On the thrilling road to scaling your business, the simple day-to-day administrative duties become even more important. It’s your back office that will keep everything from going off the rails. From your HR department making sure you get the right hires to your payroll officer calculating taxes for each employee—they are the unsung heroes of a growing business.

Your admin will feel the burden of taking in more people and inventory as you scale. Make sure they get adequate resources to shoulder the extra workload, or this will be a bottleneck for expanding your company.

6. Hire Early

Hiring more people goes hand-in-hand with scaling a business. You need more people to handle customers, more people to handle manufacturing and distribution, more people to manage your teams, and more people to handle admin tasks. The challenge is that finding the right people to fill these roles takes time.

This is why you need to get started on your hiring process in preparation for scaling. You don’t want to be looking for and onboarding new staff at the same time as you are taking new customers, accepting more orders, and increasing your production.

7. Consider Outsourcing Outside Your Speciality

While hiring is crucial to scaling a business, it does not necessarily mean that you need to get in-house employees for every single process. This is especially the case if you are working with limited finances.

You can outsource jobs that you still need but aren’t part of your company’s core competencies. Whether it’s accounting, legal, graphic design, or marketing, there are freelancers and B2B businesses that can fill the gaps while you grow your company.

When you keep your internal team lean as you scale, you can divert your resources more efficiently to what your business does best. You are also in a better position to pivot in case your initial scaling strategy doesn’t work out.

8. Don’t Lose the Personal Touch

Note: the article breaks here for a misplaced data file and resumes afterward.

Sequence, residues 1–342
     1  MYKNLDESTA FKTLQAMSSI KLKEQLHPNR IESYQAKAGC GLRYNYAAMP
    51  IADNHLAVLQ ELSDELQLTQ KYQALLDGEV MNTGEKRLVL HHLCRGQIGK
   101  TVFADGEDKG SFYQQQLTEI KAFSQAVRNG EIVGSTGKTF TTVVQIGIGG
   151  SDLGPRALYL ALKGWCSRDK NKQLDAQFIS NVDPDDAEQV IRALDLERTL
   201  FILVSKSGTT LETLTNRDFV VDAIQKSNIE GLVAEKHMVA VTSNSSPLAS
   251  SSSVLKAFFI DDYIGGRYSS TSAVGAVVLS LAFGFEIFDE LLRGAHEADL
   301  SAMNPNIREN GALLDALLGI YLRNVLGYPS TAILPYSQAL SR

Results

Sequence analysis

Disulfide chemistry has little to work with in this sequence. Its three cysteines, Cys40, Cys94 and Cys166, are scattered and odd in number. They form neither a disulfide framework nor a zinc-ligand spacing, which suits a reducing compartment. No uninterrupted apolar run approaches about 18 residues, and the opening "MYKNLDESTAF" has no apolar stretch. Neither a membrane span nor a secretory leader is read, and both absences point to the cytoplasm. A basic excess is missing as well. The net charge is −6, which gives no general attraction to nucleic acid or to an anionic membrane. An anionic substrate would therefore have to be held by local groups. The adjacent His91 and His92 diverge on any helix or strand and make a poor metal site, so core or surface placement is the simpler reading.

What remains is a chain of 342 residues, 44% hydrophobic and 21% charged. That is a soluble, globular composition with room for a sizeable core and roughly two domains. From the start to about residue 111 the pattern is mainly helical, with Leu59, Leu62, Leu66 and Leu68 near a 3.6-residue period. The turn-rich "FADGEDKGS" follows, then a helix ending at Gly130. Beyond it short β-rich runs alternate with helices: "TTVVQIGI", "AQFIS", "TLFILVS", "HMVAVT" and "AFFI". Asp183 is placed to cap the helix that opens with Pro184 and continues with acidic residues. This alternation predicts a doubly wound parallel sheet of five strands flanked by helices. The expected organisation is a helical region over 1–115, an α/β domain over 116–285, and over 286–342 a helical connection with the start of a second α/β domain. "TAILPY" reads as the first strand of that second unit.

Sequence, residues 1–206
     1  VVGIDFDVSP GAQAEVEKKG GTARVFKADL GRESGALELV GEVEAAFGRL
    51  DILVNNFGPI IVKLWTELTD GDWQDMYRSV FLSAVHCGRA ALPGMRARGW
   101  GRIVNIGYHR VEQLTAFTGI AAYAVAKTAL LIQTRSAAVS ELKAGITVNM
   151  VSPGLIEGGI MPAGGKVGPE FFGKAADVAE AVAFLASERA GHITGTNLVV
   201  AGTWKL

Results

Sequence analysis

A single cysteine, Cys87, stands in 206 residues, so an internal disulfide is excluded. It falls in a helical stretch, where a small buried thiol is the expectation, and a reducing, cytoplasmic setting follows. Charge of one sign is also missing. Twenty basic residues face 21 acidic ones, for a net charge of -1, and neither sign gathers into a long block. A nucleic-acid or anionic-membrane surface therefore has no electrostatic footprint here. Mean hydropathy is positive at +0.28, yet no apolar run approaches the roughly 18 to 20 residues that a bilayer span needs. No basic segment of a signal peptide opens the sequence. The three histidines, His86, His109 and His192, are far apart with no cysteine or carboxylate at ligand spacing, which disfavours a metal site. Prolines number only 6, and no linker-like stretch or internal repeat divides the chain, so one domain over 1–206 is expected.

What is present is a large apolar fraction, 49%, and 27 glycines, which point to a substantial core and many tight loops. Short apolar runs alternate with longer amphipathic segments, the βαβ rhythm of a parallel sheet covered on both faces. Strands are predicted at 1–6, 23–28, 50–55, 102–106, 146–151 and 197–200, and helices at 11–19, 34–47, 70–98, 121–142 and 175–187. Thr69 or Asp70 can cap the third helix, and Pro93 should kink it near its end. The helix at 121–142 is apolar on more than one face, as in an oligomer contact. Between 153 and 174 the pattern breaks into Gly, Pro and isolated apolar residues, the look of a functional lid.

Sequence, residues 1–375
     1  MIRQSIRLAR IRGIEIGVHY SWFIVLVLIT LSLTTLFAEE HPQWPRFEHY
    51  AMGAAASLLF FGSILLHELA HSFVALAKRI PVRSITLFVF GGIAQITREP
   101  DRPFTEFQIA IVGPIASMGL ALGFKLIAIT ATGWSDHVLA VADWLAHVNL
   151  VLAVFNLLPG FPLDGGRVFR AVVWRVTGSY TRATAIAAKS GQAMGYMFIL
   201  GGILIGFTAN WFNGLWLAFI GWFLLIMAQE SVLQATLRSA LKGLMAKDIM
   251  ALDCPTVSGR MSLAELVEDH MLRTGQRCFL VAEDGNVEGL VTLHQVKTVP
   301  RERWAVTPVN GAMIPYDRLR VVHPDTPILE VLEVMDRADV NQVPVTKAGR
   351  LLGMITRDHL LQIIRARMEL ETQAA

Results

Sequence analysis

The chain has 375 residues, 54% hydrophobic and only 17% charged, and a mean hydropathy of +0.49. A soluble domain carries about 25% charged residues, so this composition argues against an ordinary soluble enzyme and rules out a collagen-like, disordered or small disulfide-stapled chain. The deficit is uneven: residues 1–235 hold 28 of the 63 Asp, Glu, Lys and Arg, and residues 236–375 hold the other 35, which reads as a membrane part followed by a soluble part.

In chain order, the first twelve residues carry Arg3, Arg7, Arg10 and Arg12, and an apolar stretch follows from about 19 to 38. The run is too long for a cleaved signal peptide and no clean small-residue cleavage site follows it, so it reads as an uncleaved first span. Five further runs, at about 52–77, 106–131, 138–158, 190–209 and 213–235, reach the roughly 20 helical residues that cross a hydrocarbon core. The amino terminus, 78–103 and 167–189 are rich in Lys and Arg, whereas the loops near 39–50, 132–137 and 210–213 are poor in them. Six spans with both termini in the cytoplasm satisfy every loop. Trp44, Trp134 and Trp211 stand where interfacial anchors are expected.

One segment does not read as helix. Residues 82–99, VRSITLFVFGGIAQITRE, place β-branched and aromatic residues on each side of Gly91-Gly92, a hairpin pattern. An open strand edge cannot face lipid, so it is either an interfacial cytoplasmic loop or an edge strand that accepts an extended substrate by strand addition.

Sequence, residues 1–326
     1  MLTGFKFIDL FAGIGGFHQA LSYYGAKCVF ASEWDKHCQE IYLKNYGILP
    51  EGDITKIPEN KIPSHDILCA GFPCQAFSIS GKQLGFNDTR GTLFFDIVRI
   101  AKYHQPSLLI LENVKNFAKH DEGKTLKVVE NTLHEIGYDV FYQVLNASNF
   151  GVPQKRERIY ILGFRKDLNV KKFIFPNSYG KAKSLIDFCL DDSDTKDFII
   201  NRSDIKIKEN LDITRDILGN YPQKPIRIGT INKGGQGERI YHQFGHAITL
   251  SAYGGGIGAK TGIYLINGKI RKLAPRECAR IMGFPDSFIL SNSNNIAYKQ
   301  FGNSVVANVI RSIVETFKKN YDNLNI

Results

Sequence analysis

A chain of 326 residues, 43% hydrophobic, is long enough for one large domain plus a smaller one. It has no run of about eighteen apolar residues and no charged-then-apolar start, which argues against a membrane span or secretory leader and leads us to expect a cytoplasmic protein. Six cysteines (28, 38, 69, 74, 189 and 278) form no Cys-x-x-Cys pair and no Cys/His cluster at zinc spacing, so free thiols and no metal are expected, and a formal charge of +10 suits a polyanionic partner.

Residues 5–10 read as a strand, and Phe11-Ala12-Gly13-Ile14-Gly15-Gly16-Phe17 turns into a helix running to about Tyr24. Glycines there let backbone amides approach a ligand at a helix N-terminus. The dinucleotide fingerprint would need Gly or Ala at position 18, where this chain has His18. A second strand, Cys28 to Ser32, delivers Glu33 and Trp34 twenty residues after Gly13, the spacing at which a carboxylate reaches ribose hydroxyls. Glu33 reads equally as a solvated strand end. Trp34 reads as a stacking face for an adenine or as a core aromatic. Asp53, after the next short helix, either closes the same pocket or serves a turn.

In the pursuit of a more streamlined approach to delivering more products and services to more customers, there is a good possibility to start seeing those customers as mere numbers to meet on a spreadsheet. The charming and familiar human touch that small businesses can bring to each customer interaction can be so easily lost in favour of automation and efficiency.

This is a pitfall you need to avoid. Customers, especially the ones that have been with you from the beginning, might feel like you no longer care. Continue customising the customer experience.

9. Take It Slow

Scaling is not a sprint. You don’t have to go all-in, all at once to bring your business to the next level. Don’t let yourself get carried away by the excitement of higher revenue, pushing yourself and your employees to the point of burning out.

Take your time growing your company. Accept contracts from new clients when you have the resources for them. Bump up production and purchase new equipment as you see your customer base increase. You can avoid going into unnecessary debt that you might have trouble paying off when you have a bigger business but your target market can’t support it.

10. Take A Step Back

The ultimate goal of having a scalable business is to set it up so that it can eventually run itself. From putting in place a logical workflow to hiring the right people who will take on more responsibilities, you should be able to leave your business for some time and have it succeed without your direct input on every matter.

You’ll know you have done the proper preparation for scaling if you can take a step back from your company with confidence.


If scaling your business means you now need to have a physical location for your office, call us 0117 244 3585 and we’ll help you find the perfect coworking space.